36 So the whole community took him outside the camp and stoned him to death, just as the Lord commanded Moses. 37 The Lord spoke to Moses: 38 “Speak to the Israelites and tell them to make tassels for themselves on the corners of their garments throughout their generations, and put a blue thread on the tassel of the corners. 39 You must have this tassel so that you may look at it and remember all the commandments of the Lord and obey them and so that you do not follow after your own heart and your own eyes that lead you to unfaithfulness. 40 Thus you will remember and obey all my commandments and be holy to your God.
3 Therefore pay attention to what they tell you and do it. But do not do what they do, for they do not practice what they teach. 4 They tie up heavy loads, hard to carry, and put them on men’s shoulders, but they themselves are not willing even to lift a finger to move them. 5 They do all their deeds to be seen by people, for they make their phylacteries wide and their tassels long. 6 They love the place of honor at banquets and the best seats in the synagogues 7 and elaborate greetings in the marketplaces and to have people call them ‘Rabbi.’
Notes and References
"... Jesus, too, wore this fringed garment. Our English Bibles, however, don’t make this little detail particularly clear. Look, for example, at Matthew 9. The context of this chapter is striking, which we will discuss more in the next chapter. For now, let’s focus on verse 20. The woman with the problem of bleeding reaches out to Jesus and touches “the edge of his cloak.” Cloak? Is he Gandalf? What the Greek actually says is that she reaches out and touches the kraspedon (literally, tassels or fringes) of his garment. Ah, that’s interesting. Tassels. Just like the tassels commanded in Numbers 15. The same word is used in the parallel passage in Luke 8:44, as well as in Matthew 14:36 (and, parallel, Mark 6:56) where the sick are healed by touching the tassels on Jesus’ garment. In each of these instances, most English translations say “hem” or “edge” of his cloak or garment. However, when the same Greek word appears in Matthew 23:5 - where Jesus is censuring the Pharisees for their showiness - the word tassel is used. See what’s happening? Our English Bibles would have us believe that those hypocritical and “legalistic” Pharisees wear tassels, but Jesus Gandalf wears a cloak. What often gets missed is that this is the exact same word. This is merely one instance in which the English translation serves to obscure Jesus’ connection to Jewish practices and distance Jesus from the customs of the Pharisees. In reality, wearing tassels was (and is) common Jewish practice - that Jesus and the Pharisees both adhered to. As my friend Matthew Thiessen writes, Jesus was indeed “that Jewish” ..."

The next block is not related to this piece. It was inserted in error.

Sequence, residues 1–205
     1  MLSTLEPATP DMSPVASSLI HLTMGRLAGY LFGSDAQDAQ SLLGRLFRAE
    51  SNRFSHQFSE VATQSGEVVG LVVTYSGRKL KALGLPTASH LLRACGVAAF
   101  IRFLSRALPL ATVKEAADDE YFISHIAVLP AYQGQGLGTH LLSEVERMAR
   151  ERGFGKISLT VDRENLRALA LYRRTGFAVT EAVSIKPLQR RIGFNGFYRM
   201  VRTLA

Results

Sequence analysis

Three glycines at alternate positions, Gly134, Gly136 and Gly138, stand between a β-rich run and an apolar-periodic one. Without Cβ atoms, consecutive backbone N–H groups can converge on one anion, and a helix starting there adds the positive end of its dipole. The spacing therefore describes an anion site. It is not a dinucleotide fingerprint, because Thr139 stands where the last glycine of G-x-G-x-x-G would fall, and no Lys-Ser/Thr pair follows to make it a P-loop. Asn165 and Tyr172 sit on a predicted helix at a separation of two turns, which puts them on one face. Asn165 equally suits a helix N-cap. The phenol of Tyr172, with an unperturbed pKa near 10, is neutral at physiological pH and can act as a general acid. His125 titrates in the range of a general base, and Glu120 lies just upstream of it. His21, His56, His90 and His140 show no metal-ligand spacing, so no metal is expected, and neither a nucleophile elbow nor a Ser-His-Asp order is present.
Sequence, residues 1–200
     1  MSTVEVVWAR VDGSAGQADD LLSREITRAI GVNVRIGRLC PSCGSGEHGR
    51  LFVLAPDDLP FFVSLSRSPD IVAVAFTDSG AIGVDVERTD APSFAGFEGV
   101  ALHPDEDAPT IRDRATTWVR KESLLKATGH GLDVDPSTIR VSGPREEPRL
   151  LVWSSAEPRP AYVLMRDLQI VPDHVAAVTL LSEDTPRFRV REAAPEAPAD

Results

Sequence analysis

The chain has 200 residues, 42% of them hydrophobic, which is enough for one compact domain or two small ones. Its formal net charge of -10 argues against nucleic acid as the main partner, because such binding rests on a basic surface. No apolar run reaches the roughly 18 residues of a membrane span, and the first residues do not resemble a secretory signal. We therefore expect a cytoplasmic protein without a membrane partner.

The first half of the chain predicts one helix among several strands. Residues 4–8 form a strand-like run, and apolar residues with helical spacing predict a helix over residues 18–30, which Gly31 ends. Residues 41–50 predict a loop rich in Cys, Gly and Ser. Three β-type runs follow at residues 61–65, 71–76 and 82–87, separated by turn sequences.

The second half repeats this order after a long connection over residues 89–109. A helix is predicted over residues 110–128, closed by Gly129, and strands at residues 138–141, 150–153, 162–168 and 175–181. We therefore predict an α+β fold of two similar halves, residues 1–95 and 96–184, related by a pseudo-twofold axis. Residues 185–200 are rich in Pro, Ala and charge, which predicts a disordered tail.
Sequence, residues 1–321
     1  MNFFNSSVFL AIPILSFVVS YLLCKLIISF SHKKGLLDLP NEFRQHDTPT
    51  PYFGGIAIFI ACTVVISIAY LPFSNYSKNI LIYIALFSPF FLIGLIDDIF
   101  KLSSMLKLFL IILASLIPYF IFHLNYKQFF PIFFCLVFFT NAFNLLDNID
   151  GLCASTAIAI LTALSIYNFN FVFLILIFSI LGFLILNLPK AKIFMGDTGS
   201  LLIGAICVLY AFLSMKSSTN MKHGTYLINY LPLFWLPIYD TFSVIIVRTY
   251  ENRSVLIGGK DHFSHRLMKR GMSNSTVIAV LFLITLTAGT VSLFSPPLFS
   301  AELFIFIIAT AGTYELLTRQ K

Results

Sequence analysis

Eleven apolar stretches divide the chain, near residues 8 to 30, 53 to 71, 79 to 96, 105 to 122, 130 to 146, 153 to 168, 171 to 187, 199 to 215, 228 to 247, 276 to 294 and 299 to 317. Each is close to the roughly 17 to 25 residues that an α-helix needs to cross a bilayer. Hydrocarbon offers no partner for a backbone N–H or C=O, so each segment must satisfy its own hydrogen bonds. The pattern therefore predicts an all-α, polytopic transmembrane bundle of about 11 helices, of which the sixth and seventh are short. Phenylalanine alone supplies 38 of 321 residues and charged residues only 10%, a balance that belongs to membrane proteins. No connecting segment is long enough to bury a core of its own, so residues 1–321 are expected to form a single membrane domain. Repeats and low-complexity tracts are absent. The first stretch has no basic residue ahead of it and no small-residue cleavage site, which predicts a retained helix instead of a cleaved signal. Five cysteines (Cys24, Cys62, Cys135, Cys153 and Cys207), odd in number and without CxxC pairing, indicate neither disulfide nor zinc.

Rosner, Jennifer M. Finding Messiah: A Journey into the Jewishness of the Gospel (pp. 45-46) InterVarsity Press, 2022